Three Fantastic Journeys by Karel Zeman: Storm of Craft

<em>Three Fantastic Journeys by Karel Zeman: </em>Storm of Craft

Karel Zeman belonged to an obsessive fringe fellowship of moviemakers that stretched right back to the medium’s first formative days—a lineage of auteurs who believed in cinema as a full-blown daydream machine, capable of realizing inhabitable fantasias. These were filmmakers—practical-effects adepts, animators of various stripes, and other hands-on world-builders—who thought of their movies less as stories than as objects, as handicrafts, as looking-glass manifestations of the bygone interior worlds of nursery fiction, Victorian illustration, puppet theater, snow globes, dollhouses, and other forms of child’s play. There had seemed something frivolous and guileless about film from the outset, but these artists took the association one step further, wholeheartedly embracing the medium as a window onto the energies of preteen naivete. First, Georges Méliès, within a heartbeat of the invention of the moving-image camera in the 1890s, brought to the screen a holistic attack of high-spirited fantasy, in his filmic equivalent of the nineteenth-century French theatrical tradition known as féerie, a mutt genre of fairy lore and stage gimmickry; Segundo de Chomón and other imitators turned this style into a subindustry in the early years of the twentieth century, just as Władysław Starewicz began animating rewired insect bodies frame by frame in what looked very much like unalloyed creative play. By the thirties, Walt Disney, Max and Dave Fleischer, George Pal, and Aleksandr Ptushko had anchored this tendency toward comprehensive retro artifice into the escapist movie­going soil (it’s the handmadeness, the fingerprints and brushstrokes, that distinguishes these films from, say, studio genre product like The Wizard of Oz). Later, filmmakers as disparate as Jiří Trnka and Jacques Demy and Guy Maddin and Terry Gilliam and the Quay Brothers, among others more and less commercially known, expanded the mode’s ironic and formal parameters.

Born in 1910 in what would soon be called Czechoslovakia, Zeman was one of the legacy’s purest hearts, a melder of live action with all manner of ani­ma­tion who was, in the course of his three-and-a-half-decade-long career, perpetually agog at storybook fantasies, always hungry for new and recombinative visual techniques, and almost entirely unsullied by adult concerns. He was the real-life version of The Nutcracker’s Drosselmeyer, the exploding-toy-chest artisan who never forgot the buzz of a grade-school imagination passionately lost at sea. In a filmmaking career that began during the Second World War; overlapped with the Czechoslovak New Wave, as well as the Prague Spring and the subsequent Warsaw Pact invasion, in the sixties; and then pressed on through the dawn of the eighties (he died in April 1989, seven months before the Velvet Revolution began), Zeman remained surprisingly removed from political concerns, all but entirely sequestered from the totalitarian impulses and demands of the Communist state. A scan of his oeuvre for overt subversion is a waste of time, and not because he was anything close to a true believer—his heart was always in the impossible past. (The ruptures of the sixties impacted Zeman creatively only insofar as he started steering clear of Prague and stuck to his animation studio in Zlín, where he would be supervised less.) It couldn’t have hurt that the art and craft of puppetry was then, as it has continued to be, a primary, proudly self-identifying cultural tradition for Czechs and Slovaks going back centuries (it is one of the region’s few UNESCO-listed “intangible cultural heritages”), one that remained in favor throughout the Communist years. In time, the state’s largesse extended naturally to animated cinema, as pioneered by Zeman’s first film studio boss, the “mother of Czech animation” Hermína Týrlová—she helped produce his first short, 1945’s A Christmas Dream, a composite of stop-motion puppets and live action (with a dash of cel animation) that he codirected with his brother Bořivoj, released as Soviet and local Communist control took root. We tend to reflexively think of puppet animation as the isolated work of obsessive loners, but in Czechoslovakia, at least in the sound era, it had the prestige, bustle, and funding of a national enterprise, and like his contemporary Trnka, who created a national animation studio that is still operating in the Czech Republic, Zeman received generous state support for decades. Today, there is a Karel Zeman Museum in Prague.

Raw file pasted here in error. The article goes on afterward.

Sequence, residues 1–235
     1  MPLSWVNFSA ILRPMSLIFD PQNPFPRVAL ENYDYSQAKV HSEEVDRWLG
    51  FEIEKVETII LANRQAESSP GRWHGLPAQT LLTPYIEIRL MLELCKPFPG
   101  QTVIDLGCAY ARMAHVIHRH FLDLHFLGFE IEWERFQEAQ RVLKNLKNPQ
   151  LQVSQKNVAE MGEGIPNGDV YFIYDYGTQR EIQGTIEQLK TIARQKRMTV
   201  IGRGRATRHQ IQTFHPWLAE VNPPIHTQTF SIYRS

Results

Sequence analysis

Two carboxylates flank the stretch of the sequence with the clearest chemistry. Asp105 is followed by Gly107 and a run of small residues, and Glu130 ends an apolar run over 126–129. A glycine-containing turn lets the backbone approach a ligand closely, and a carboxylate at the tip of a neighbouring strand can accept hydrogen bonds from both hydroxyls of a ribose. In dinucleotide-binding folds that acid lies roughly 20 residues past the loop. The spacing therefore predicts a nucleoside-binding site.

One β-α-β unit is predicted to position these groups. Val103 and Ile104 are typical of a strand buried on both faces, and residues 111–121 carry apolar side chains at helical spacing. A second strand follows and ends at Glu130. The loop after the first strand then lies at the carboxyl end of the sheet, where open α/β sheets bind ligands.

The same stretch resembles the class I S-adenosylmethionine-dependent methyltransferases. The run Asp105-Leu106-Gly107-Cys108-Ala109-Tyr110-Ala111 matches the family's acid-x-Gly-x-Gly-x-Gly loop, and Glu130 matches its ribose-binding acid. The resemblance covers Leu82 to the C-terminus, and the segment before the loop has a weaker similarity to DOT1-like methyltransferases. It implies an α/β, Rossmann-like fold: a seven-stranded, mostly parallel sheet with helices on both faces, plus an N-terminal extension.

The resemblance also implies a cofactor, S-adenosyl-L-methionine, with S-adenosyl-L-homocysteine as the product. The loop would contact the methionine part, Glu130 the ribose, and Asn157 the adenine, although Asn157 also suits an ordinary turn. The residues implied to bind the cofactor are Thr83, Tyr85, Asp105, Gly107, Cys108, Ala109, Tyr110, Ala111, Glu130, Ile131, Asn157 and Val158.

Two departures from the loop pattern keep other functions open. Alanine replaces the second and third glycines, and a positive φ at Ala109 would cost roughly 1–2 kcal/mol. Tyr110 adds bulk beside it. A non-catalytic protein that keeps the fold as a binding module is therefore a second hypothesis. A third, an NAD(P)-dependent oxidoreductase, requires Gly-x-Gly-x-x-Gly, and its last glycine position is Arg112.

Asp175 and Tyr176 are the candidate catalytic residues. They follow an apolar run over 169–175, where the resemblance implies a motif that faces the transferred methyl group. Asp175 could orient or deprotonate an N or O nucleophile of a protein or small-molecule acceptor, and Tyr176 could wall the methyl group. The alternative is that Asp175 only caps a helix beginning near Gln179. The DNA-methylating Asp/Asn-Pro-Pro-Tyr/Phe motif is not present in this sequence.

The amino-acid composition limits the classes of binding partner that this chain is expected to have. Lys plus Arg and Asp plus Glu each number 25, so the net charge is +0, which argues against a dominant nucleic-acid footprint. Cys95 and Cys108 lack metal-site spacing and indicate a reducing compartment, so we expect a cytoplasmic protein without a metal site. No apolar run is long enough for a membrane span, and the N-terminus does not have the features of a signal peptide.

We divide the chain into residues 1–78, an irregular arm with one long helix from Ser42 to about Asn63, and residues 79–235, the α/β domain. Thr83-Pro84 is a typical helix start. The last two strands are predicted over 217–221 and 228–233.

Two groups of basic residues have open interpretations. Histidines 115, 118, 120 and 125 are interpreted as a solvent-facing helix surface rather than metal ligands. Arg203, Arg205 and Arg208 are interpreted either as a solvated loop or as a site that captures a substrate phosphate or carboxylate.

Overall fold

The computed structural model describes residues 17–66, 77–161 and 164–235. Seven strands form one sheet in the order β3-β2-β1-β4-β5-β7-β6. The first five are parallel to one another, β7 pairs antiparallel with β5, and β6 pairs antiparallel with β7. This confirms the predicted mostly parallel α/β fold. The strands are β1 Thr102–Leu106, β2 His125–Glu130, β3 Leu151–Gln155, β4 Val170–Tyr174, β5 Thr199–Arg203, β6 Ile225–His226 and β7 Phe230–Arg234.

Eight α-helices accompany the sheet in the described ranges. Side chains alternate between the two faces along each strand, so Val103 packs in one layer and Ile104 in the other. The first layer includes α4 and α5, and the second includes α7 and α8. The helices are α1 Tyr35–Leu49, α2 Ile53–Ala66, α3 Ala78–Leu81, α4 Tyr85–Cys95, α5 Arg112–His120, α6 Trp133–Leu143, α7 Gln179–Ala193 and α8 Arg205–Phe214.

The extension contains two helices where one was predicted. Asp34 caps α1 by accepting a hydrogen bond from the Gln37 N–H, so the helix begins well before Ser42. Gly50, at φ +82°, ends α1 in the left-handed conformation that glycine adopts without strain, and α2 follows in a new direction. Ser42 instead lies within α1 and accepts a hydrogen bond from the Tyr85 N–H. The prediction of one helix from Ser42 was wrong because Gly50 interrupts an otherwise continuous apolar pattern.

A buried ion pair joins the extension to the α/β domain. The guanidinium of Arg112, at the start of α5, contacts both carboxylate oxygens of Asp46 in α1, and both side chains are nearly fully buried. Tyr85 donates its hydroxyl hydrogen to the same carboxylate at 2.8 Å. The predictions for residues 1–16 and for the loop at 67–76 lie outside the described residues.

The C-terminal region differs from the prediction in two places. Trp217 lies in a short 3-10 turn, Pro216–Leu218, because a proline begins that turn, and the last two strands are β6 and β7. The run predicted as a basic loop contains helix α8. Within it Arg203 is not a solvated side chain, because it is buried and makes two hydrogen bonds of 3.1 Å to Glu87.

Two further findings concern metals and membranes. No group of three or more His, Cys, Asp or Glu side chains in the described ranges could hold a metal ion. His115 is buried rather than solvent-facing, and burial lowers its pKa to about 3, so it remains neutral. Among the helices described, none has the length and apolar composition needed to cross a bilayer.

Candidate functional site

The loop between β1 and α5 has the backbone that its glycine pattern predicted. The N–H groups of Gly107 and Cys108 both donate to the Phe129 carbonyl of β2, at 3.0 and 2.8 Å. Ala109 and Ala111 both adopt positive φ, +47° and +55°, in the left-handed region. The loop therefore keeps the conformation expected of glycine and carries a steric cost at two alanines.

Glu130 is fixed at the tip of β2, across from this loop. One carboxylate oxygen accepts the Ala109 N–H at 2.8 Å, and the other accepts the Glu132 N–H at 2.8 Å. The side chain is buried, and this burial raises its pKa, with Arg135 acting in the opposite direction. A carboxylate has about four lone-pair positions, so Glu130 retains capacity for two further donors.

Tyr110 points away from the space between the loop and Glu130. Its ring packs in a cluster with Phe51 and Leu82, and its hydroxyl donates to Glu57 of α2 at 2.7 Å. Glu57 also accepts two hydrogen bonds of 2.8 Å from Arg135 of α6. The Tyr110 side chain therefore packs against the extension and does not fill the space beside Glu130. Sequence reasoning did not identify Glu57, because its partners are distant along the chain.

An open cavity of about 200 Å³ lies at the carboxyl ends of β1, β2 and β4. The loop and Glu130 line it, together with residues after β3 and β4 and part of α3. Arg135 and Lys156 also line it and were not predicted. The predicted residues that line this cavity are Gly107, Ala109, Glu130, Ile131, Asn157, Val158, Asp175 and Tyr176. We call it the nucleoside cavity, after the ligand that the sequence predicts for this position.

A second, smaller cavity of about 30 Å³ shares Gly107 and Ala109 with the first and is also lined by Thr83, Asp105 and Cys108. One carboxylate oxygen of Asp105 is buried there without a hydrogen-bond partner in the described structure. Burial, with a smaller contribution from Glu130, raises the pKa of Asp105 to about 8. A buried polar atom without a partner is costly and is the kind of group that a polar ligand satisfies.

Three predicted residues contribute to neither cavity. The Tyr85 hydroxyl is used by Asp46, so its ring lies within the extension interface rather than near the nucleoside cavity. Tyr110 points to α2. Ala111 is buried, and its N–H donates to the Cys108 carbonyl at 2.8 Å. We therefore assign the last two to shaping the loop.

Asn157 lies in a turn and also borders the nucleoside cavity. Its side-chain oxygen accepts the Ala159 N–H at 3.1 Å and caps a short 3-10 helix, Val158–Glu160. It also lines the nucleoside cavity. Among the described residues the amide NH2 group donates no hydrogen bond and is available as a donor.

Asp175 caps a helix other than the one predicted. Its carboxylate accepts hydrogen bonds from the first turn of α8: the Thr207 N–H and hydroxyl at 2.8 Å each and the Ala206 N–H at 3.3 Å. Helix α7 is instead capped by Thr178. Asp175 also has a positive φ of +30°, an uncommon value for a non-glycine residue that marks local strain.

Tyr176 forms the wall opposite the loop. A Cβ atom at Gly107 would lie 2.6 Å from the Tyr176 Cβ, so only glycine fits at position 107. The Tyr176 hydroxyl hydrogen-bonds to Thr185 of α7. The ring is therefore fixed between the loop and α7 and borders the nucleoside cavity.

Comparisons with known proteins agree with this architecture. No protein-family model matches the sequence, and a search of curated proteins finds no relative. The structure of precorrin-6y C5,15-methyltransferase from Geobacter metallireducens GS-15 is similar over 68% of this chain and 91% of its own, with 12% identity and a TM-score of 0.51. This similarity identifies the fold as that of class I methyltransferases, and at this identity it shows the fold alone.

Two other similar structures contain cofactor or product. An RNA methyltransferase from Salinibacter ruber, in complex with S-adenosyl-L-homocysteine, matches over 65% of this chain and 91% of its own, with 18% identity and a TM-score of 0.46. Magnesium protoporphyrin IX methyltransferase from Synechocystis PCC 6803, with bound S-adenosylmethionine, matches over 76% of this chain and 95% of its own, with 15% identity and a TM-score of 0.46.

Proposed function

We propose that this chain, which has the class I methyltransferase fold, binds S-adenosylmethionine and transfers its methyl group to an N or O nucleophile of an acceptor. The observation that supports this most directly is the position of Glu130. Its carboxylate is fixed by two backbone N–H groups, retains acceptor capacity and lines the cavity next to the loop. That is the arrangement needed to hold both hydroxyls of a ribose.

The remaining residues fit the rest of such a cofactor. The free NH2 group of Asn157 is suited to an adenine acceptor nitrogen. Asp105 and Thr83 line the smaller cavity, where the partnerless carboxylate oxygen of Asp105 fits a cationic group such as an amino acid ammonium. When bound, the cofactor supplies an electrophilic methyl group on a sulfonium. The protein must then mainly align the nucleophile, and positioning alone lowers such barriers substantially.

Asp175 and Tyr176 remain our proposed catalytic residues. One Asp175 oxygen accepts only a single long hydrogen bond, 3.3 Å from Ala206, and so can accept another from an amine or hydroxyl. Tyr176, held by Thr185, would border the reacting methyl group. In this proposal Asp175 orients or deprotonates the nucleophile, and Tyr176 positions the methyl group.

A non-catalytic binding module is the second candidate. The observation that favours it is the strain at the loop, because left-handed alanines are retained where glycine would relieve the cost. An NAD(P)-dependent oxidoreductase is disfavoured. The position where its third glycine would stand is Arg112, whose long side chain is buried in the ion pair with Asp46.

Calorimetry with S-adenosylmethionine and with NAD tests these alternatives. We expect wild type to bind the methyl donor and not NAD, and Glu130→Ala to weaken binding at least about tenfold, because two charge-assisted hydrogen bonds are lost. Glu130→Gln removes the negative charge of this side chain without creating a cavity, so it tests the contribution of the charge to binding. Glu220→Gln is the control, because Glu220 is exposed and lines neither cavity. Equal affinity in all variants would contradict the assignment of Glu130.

“Zeman seems to have been as committed to graphic beauty as he was ardent for the days in which such craft mattered.”

“Part of all of his films’ pleasure is the palpable sense that Zeman, whatever his other aims and concerns, was manufacturing these head trips for the sheer love of it—they made him happy.”

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